The Curiosity rover, which is designed to explore Mars, has found an ancient oasis on Mars. Researchers working with the Curiosity rover have found salt-enriched…
Hanson Robotics, under the supervision of its chief scientists and robot designer David Hanson, presents robots with amazingly natural faces and integrated facial expressions mechanism. The Hanson’s robots can analyze opponent’s facial expression and human speech, react adequately, express the emotions and keep the conversation. Robots can also feel what people in front are feeling by recognizing their facial expressions and reacting appropriately. They are equipped with a mechanism that allows for naturally expressing wide range of human-like emotions. The key in the technology is the specially developed rubber material called Frubber (a combination of words “face” and “rubber”) – a lightweight polymer plastic that looks like a natural skin.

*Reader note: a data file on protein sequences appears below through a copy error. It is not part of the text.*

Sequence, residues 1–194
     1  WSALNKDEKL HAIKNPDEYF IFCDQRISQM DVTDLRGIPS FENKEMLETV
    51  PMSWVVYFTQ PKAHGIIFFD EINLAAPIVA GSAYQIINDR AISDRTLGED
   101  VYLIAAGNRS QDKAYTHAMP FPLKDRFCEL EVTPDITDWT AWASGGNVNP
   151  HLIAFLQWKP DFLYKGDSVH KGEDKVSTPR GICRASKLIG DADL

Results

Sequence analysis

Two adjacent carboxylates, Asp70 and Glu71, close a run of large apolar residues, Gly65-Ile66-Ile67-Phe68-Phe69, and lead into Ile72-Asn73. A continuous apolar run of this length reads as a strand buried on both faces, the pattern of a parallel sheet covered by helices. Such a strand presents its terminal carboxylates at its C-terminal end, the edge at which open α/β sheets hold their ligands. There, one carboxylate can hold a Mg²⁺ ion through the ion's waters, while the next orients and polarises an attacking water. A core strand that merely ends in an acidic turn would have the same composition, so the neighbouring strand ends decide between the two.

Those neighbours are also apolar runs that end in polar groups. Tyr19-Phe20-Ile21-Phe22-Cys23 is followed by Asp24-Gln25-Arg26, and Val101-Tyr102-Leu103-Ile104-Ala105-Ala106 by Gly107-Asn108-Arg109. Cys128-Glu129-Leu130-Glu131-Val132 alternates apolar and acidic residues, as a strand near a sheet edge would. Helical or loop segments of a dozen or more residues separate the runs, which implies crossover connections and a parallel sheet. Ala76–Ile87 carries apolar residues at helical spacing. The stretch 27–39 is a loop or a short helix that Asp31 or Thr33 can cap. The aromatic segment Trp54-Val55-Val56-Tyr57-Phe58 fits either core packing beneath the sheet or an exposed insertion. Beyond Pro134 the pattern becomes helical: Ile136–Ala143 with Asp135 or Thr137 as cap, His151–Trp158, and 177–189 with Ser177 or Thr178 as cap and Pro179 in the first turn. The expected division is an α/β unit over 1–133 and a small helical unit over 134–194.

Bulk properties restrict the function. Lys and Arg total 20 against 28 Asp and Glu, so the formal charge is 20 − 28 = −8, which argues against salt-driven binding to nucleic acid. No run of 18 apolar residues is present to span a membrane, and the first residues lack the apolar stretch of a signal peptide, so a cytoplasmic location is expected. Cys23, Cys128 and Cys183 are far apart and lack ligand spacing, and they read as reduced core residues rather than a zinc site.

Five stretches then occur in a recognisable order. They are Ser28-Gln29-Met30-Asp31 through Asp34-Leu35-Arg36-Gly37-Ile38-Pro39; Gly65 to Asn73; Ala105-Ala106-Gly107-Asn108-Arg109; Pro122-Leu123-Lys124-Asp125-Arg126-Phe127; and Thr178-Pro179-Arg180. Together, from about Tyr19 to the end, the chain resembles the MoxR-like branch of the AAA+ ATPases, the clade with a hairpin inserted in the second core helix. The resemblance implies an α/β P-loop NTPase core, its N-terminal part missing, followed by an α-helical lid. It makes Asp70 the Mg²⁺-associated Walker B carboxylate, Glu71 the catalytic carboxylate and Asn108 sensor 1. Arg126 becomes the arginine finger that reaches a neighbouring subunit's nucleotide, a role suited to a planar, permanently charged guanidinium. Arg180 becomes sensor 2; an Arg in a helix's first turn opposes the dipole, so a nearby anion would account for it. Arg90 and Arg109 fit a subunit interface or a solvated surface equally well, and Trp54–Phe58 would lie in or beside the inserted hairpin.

Frubber allows for emulating the human flesh and biological soft tissues. It is inspired by natural cellular structure using lipid bilayer techniques – the way human cells are actually made. With Frubber, Hanson Robotics can reproduce the cellular structure of human face down to the macromolecular scale, the nanometer scale with a hierarchical pore structure. This advanced technology makes the human-like robots to have a human-like skin. Frubber is a very low-density material, and it takes very low energy to move into facial expressions. The movement of the faces is implemented by means of anchors located in the Frubber which are connected to special small motors responsible for the facial expressions. Hanson robot’s expressions are so much alike human facial expressions as if hundreds of muscles are involved in them. The robots produced by Hanson Robotics are currently used worldwide – the University of Cambridge, University of Geneva, University of Pisa – in cognitive science research and artificial intelligence research, also for research of intersection and interaction between the human and the machine. Human-like robots are currently available for the high-end research laboratories but they are supposed to be available in the market too. For regular users, Hanson Robotics offers walking androids, controlled by the cognitive software so they can interact with the human. Robots researcher David Hanson hopes that his robots will be humanized and used in educational and medical purposes, such as autism treatments. David Hanson is sure that natural looking robots will enable fast communication of robots and human and will better integrate robots in the human society. In the future, company is planning to create animal and human like other robots and enrich them with the advanced cognitive capabilities to develop relations between the robots and humans and among robots themselves.
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